Today’s post is inspired by the act of collaboration.
Theater is all about collaboration — as are many forms of music.
I have been part of a musical collaboration with singer Bobbi Carrey for almost 20 years.
The song at the beginning of this blog post — “If I Loved You” — was written by Oscar Hammerstein II and Richard Rodgers for their musical Carousel.
Both Hammerstein and Rodgers had achieved tremendous success working with other collaborators before they joined forces during WWII to create the musical Oklahoma!
Following the triumph of Oklahoma! they rose to new heights, co-creating a new musical every couple of years — interspersed with producing plays and musicals (such as Annie Get Your Gun) created by others.
And as their extraordinary list of hit shows — including South Pacific, The King and I, Flower Drum Song and The Sound of Music — expanded, they also devoted a considerable amount of time to overseeing touring companies, movie adaptations, and revivals of their work.
It was an extraordinary creative and business collaboration — the fruits of which will continue to be harvested and celebrated for decades to come!
Collaboration can be a mysterious process — and theirs was not without its challenges.
But they persevered, remained respectful of each other’s gifts, and left an astounding body of work for the rest of us to savor for decades to come.
Pianist/composer/engineer/producer Doug Hammer, singer Bobbi Carrey and I recorded “If I Loved You” — one of their most beautiful ballads — for a CD we put together with exquisite arrangement input (both vocal and instrumental) from Michael Callahan.
Mike wrote the cello part on this recording of “If I Loved You,” for example.
My collaboration with Bobbi, too, has included a variety of challenges — and we have also respectfully persevered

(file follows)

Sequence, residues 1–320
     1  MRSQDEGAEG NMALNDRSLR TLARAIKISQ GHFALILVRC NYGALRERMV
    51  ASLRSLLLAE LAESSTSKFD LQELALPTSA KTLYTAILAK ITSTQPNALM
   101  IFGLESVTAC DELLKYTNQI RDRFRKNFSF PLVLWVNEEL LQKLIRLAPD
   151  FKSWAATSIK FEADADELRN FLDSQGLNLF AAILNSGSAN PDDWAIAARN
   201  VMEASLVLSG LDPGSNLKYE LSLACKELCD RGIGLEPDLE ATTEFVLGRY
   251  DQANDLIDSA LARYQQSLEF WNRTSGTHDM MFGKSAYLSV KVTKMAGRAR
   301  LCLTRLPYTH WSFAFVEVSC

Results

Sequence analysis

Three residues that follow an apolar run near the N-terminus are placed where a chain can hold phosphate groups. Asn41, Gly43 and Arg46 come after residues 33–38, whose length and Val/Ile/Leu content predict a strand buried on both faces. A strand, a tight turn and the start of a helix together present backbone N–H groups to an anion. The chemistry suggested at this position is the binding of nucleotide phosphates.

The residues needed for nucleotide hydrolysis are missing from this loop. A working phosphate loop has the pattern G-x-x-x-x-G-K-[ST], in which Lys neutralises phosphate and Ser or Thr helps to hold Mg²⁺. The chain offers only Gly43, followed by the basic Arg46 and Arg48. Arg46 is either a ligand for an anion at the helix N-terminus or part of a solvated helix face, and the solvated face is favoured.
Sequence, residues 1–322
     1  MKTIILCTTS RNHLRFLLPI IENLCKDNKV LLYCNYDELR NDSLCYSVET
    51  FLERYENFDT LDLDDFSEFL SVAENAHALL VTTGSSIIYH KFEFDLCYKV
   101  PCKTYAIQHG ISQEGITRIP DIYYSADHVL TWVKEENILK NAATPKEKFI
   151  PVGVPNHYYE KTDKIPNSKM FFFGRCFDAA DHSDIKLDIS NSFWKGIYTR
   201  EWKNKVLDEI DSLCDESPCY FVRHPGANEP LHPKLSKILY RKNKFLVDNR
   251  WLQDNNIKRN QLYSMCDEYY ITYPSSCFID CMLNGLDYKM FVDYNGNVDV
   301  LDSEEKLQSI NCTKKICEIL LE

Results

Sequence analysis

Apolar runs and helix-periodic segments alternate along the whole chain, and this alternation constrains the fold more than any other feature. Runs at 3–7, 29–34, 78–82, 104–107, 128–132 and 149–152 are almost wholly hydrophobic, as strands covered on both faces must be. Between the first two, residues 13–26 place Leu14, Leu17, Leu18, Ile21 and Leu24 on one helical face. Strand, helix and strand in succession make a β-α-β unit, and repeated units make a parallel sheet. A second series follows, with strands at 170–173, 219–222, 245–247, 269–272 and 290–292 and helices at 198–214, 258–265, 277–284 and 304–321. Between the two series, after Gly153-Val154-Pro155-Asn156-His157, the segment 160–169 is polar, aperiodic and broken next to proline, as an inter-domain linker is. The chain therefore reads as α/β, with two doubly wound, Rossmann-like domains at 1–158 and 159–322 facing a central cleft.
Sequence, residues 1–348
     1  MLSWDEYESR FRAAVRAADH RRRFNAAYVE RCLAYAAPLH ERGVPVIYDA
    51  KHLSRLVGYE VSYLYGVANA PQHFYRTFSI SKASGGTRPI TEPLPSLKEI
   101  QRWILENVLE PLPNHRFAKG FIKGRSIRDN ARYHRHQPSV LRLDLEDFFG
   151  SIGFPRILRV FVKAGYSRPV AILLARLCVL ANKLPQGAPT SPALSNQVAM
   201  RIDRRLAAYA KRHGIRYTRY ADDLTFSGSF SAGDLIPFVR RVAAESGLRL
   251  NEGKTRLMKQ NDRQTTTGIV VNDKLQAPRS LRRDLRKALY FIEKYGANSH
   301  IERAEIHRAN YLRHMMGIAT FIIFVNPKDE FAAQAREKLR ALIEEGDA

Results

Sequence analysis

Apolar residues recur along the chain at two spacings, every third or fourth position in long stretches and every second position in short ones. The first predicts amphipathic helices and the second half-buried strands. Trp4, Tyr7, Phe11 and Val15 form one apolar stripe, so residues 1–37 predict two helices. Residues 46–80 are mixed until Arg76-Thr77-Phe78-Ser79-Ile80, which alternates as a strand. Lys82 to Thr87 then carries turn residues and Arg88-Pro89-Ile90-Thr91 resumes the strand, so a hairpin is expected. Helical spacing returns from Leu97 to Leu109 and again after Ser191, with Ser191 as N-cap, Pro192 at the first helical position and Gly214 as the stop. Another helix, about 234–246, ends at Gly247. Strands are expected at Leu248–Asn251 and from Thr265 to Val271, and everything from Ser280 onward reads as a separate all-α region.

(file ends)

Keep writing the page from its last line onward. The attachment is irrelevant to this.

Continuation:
Right now, due to a variety of factors, our collaboration is in a fallow period.
Mike is busy being a music professor at Michigan State as well as an enthusiastic husband and father.
Doug’s career as a composer, producer and touring musician — in addition to being a devoted husband and father of two terrific sons — has meant that he is less available to perform with singers (although regular readers/listeners of this blog know that he is still willing to make music together in his wonderful home studio on the north shore of Boston).
Bobbi was working for a while in various parts of Asia — with a home base in Kuala Lumpur.
And I — now that I am making a very modest living as a singer, songwriter and teacher — am (somewhat paradoxically) less available to collaborate with Bobbi than when I had a full-time, non-musical day job.
Blessedly, recording technology exists so that all of the collaboration we did together has not evaporated without a trace.
Stephen Sondheim wrote it for the musical Company, and it paints a slightly different picture of love and marriage (another type of collaboration) than one might find in a Rodgers & Hammerstein show.
I have loved this song ever since my parents bought the cast album — which I listened to again and again and again as a child.
Sondheim knew both Rodgers and Hammerstein very well, having been unofficially adopted into the Hammerstein family when he was a teenager.
Hammerstein became a role model and mentor for Sondheim as he, too, devoted himself to musical theater and songwriting.
And after Hammerstein died, Sondheim even collaborated as a lyricist with Richard Rodgers on a show called Do I Hear A Waltz? — along with one of Sondheim’s collaborators from West Side Story, librettist Arthur Laurents.
As someone who writes songs, I am always curious to learn more about the lives, practices, and habits of other songwriters.
I forget where I read it (maybe in one of Laurents’ great memoirs? or one of Sondheim’s terrific books about his own creative process?) but I was surprised to learn that Sondheim — with Laurents’ approval and support — transformed chunks of the dialogue which Laurents wrote for early drafts of the West Side Story libretto into lyrics for certain songs in West Side Story.
And Laurents did not ask for co-credit on the lyrics for these songs,
It was simply part of their generous and respectful collaborative process.
Now Sondheim continues to support, nurture, encourage and inspire new generations of musical-theater-lovers. librettists, songwriters, and performers.